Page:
3. Get Your Kids Involved With Buying Family Gifts
When you’re a busy parent, it’s all too easy to just do all of the holiday gift shopping online without a second thought. This year, your kids won’t be going to the mall with you to visit Santa, or experience holiday shopping as we once knew it. However, buying great gifts for people is actually a skill within itself. When your kids grow up, you want them to be thoughtful adults who think about the wants and needs of others.
For example, even though we’re all adults, my three brothers ask me what to buy for the people in their lives. As children, my mother really only spent time with me buying gifts for family members, because I was her only daughter. No matter what gender your child is, teach them about giving gifts, because it teaches them to pay attention to the needs of others. This will also strengthen their personal relationships, too.
During difficult times like this, it’s more important than ever to reach out to the people you love. Maybe you have already let your kids join you in a Facetime call with their grandparents and extended family. Even if they see their friends on a Zoom meeting for school, this isn’t the same as one-on-one conversations with their besties. Allow them to call their friends sometimes, and encourage them to reach out to people they love.
With so much isolation, it’s all too easy for your kids to fall into an antisocial pattern. Many parents are reporting that their children are already developing a fear of people. Psychologists report that as they grow up, they’re going to experience far more anxiety than the previous generation. The more you allow your children to reach out to the people they love, the stronger your relationships will be with those you care about. Knowing that they have the support of people who love them is going to help them get through this.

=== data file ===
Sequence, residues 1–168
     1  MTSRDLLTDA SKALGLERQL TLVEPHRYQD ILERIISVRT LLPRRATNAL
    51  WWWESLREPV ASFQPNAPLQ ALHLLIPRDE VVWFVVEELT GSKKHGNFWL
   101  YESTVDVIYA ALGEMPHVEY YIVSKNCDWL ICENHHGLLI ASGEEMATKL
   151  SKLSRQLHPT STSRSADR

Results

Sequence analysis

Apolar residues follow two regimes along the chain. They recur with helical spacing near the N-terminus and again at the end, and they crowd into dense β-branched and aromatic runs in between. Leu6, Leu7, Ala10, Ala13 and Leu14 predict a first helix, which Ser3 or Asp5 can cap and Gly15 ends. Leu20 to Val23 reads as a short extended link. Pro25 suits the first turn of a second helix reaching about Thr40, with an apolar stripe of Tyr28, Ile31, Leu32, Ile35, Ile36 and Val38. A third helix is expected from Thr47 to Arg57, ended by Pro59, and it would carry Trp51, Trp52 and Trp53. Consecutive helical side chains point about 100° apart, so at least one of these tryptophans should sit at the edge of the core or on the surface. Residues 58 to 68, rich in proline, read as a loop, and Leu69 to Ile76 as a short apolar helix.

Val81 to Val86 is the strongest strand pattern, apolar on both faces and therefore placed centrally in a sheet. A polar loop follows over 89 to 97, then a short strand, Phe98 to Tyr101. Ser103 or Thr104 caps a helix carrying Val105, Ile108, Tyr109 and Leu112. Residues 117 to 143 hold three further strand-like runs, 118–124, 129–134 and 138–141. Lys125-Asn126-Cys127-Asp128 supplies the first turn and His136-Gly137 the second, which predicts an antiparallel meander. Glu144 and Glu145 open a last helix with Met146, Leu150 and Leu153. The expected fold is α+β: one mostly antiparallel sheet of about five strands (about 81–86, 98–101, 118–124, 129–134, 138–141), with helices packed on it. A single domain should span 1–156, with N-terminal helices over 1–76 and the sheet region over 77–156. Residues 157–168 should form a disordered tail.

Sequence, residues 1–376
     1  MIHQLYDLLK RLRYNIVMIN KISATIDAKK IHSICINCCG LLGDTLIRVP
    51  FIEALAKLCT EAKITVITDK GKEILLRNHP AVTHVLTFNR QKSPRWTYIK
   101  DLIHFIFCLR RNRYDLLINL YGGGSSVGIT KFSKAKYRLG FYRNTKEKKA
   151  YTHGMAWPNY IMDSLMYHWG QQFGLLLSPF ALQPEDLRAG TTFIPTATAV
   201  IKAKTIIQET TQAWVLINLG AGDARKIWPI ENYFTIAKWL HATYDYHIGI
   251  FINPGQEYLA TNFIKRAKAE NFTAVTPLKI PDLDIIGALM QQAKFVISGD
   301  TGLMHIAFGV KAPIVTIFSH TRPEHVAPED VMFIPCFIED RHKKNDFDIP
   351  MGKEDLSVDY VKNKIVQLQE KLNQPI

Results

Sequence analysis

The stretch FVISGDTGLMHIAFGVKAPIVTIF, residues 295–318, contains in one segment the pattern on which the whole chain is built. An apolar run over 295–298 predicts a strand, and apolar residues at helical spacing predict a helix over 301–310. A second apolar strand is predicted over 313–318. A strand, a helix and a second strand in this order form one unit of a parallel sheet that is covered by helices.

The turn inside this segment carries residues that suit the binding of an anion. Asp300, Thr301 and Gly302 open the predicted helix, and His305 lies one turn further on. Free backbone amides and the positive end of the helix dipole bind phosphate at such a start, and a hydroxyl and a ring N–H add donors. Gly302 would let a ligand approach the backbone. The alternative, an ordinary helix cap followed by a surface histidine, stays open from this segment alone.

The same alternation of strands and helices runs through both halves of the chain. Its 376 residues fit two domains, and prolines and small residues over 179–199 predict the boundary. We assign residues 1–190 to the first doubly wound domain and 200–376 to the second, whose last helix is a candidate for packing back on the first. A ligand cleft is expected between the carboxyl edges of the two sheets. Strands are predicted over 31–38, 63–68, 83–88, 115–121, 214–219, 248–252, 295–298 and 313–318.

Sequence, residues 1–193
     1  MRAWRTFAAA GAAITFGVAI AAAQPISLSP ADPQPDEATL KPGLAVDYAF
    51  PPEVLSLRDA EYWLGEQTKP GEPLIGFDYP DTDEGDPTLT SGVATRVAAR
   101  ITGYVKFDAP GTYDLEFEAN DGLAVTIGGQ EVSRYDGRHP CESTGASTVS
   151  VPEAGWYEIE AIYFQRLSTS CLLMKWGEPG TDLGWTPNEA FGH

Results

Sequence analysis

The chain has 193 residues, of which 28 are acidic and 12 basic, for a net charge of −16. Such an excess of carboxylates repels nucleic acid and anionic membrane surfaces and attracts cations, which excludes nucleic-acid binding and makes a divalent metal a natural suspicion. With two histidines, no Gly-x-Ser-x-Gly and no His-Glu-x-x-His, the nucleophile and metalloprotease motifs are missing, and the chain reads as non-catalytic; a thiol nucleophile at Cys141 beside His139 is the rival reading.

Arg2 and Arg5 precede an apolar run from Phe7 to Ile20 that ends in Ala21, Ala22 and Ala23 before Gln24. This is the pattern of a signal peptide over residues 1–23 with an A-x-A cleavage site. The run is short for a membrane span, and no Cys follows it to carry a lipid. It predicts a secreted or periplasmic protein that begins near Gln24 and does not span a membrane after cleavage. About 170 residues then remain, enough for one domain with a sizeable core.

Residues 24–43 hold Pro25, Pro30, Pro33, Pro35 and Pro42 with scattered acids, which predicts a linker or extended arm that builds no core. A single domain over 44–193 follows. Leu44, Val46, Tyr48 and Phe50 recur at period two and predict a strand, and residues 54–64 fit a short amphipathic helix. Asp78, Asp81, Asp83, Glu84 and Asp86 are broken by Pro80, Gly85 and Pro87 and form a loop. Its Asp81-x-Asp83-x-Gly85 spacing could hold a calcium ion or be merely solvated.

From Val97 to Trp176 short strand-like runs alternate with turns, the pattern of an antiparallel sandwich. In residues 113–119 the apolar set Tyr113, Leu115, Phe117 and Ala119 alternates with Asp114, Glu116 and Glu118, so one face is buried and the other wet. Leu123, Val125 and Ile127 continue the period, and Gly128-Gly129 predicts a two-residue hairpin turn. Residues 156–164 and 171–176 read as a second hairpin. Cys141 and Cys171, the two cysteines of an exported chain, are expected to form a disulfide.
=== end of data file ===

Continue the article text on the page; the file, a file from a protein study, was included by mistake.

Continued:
Last and certainly not least is that you should take some time to ask your kids about their future, if you haven’t done so already. What do they want to be when they grow up? So many people forget their childhood dreams, because society convinced them that it wasn’t possible. Instead of projecting your own hopes and dreams onto your child, pay attention to what gives them the most happiness. As Dr. Deepak Chopra says, “If a child is poor in math but good at tennis, most people would hire a math tutor. I would hire a tennis coach.” Everyone has special skills, and a destiny for what they were meant to do.
In the wintertime, this is a great time to let them create a Pinterest vision board of their future. Help them hone their goals, and help to facilitate their dreams. Guide your children on the steps they’ll need to take in order to achieve their dreams. For example, if they say that they want to be a doctor, explain that they need to get good grades in school, because one day they’ll need to go to medical school. This will encourage them to study and focus on their homeschooling.